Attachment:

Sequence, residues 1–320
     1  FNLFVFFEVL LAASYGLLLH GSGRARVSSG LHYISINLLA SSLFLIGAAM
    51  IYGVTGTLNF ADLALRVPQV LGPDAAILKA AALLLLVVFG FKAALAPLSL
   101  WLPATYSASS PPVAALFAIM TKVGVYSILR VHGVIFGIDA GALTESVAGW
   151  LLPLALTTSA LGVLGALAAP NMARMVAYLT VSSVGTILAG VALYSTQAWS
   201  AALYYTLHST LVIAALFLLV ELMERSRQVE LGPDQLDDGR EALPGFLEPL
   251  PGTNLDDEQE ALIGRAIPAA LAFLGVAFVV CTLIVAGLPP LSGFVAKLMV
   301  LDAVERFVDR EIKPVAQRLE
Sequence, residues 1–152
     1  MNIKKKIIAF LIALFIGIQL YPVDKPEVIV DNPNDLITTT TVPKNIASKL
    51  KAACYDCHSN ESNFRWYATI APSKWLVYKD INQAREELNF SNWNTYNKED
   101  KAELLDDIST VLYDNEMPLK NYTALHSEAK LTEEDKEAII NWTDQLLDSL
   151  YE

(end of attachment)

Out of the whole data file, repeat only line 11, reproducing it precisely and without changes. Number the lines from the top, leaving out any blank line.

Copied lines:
    51  KAACYDCHSN ESNFRWYATI APSKWLVYKD INQAREELNF SNWNTYNKED